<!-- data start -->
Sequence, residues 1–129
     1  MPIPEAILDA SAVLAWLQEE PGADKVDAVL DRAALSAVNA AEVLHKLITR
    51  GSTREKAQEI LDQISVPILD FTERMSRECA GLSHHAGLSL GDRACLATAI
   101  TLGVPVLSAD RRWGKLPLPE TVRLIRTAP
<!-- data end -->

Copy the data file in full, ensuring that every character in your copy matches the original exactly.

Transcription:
Sequence, residues 1–129
     1  MPIPEAILDA SAVLAWLQEE PGADKVDAVL DRAALSAVNA AEVLHKLITR
    51  GSTREKAQEI LDQISVPILD FTERMSRECA GLSHHAGLSL GDRACLATAI
   101  TLGVPVLSAD RRWGKLPLPE TVRLIRTAP